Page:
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Differences Between the LHWCA and the Jones Act

Maritime employees who are injured on the job may be wondering how they will go about supporting themselves and their families while recuperating from their injuries. 

Fortunately, maritime workers are protected by either the Longshore and Harbor Workers’ Compensation Act (LHWCA) or the Jones Act, depending on the type of employee they are. If you are interested in learning more about some of the key differences between the LHWCA and the Jones Act, read on.

Things to Know About the Jones Act

First, let’s dig in to some of the most pertinent details surrounding the Jones Act. The Jones Act was designed to protect injured seamen. Employees will be considered seamen if they work on or around the navigable waters. Essentially, this means that the ship or vessel must be able to head out on the waters for the workers to be deemed seamen. 

If a seaman is injured at work, they can file a claim under the Jones Act to obtain certain benefits while they recuperate from their injuries. These benefits include maintenance: necessary living expenses such as utilities, rent, groceries, mortgage payments, etc.; and cure, coverage of your medical bills.

Additionally, injured seamen can seek full compensation for other losses that can be sought in a personal injury lawsuit, such as lost income, diminished earning potential, loss of enjoyment of life, pain and suffering, and mental anguish, to name a few.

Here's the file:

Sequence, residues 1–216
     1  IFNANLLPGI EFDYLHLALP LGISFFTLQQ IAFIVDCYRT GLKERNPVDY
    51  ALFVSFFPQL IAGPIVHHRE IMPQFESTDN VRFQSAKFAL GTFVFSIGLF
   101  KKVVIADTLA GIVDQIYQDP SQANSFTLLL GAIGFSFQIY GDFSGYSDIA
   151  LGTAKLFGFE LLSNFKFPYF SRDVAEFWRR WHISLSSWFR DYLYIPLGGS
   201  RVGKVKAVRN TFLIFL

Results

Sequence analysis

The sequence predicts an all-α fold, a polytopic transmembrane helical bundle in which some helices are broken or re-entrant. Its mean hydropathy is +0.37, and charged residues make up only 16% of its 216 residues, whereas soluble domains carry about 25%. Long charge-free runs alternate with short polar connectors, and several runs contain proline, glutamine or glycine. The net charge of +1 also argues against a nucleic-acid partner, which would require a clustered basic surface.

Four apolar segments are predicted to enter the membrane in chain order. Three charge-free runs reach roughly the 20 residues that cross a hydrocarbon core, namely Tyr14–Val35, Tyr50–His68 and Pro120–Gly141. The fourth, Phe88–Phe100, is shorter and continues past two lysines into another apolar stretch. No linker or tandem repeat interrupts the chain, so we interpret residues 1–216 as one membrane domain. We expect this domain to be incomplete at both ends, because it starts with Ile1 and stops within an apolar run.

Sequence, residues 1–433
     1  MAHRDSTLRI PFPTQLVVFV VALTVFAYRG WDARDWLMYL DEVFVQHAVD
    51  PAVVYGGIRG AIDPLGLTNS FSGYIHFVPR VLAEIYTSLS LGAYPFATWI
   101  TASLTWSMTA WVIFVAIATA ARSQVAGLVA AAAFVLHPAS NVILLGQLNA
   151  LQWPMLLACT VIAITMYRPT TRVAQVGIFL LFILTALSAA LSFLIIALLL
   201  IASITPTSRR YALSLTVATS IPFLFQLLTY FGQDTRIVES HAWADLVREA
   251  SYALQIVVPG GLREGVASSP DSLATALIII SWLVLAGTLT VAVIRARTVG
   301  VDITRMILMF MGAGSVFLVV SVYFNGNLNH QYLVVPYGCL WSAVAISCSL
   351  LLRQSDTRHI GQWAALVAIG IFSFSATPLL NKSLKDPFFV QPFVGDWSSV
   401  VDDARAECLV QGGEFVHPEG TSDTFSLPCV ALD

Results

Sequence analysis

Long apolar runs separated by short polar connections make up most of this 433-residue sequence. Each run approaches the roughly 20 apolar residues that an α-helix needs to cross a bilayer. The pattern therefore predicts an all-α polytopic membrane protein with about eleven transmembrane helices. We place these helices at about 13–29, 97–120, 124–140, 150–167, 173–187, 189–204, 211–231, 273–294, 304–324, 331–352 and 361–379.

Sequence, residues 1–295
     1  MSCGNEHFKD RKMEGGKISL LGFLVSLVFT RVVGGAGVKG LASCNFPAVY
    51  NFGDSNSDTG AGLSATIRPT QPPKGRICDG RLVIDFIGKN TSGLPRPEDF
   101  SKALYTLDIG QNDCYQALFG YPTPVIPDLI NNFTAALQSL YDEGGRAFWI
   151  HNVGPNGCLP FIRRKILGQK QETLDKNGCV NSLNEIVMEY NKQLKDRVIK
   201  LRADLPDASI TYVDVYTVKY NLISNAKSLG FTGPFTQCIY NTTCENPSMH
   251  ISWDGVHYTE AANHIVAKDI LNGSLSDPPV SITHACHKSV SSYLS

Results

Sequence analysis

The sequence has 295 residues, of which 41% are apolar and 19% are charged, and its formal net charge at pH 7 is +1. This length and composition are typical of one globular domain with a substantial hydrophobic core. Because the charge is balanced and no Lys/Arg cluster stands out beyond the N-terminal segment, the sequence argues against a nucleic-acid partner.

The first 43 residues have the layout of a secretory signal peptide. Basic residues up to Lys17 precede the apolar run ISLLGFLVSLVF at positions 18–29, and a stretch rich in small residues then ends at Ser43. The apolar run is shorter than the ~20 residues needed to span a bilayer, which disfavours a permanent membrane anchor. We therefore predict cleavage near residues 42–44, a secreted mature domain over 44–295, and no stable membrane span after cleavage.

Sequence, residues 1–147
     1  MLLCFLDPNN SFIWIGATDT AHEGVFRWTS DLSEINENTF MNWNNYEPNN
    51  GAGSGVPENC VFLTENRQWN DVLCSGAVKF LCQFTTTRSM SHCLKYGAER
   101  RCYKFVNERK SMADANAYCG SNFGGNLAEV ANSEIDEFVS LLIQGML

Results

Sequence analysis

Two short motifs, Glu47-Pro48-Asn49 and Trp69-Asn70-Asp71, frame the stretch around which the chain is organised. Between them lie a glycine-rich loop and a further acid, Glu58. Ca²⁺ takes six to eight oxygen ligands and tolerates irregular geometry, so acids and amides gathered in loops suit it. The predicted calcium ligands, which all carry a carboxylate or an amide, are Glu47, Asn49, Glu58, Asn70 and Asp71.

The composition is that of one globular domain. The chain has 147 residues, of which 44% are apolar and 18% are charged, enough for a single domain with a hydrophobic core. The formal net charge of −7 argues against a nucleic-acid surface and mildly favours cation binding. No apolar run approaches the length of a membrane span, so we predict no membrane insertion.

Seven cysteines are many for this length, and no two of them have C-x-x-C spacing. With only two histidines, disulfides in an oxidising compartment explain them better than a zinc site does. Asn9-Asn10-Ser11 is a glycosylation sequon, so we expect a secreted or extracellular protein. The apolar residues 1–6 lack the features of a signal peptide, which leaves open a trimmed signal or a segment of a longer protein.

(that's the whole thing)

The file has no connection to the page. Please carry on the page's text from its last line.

For a claim to be successful under the Jones Act, the injured seamen will need to be able to prove that the ship or vessel was unseaworthy. Although that may seem like a challenge, even the slightest issue with a ship can result in an unseaworthy declaration. 

Some examples of unseaworthiness could include a failure to make necessary repairs or provide seamen with the appropriate equipment and tools they need to do their job both safely and effectively. 

Fast LHWCA Facts

The LHWCA is similar to the Jones Act in many regards, but quite different in others. First, the LHWCA applies only to injured maritime employees who are not seamen. This could include harbor workers, shipyard workers, those who work on oil rigs, and longshoremen, among others. 

The LHWCA works almost exactly the way Louisiana workers compensation benefits do, except injured maritime workers are only entitled to such benefits under the LHWCA and not the state. 

When a maritime employee is injured at work, they can file a claim under the LHWCA and be awarded benefits that include coverage of their health care and treatment, wage replacement benefits, and job training if their injuries prevent them from returning to work in the same industry. 

Although the LHWCA and Jones Acts have their similarities and differences, their ultimate goal is to offer financial protection to all maritime employees should they ever become injured while at work.

Reach Out to a New Orleans Maritime Lawyer

Although we have covered many differences in injury benefits for maritime employees, these laws can be quite complicated. If you have additional questions that haven’t been answered here, you can discuss your case further with a regarded maritime lawyer in New Orleans

The Law Office of Braud & Gallagher proudly offers free claim evaluations to injured maritime workers across the state of Louisiana. You can take advantage of this opportunity by calling our office at 1-800-256-5674 or visiting our website

About the Author:

Braud & Gallagher

When you need a dynamic, empathetic attorney by your side, The Law Offices of Braud & Gallagher are sure to meet each of your personal injury and offshore injury needs. As skilled maritime attorneys in New Orleans, Braud & Gallagher boast victories that far exceed tens of millions of dollars. You can be sure that you’re choosing the best New Orleans car accident attorney when you’re ready to pursue maximum compensation for the suffering you’ve endured.... View full business profile here: Braud & Gallagher

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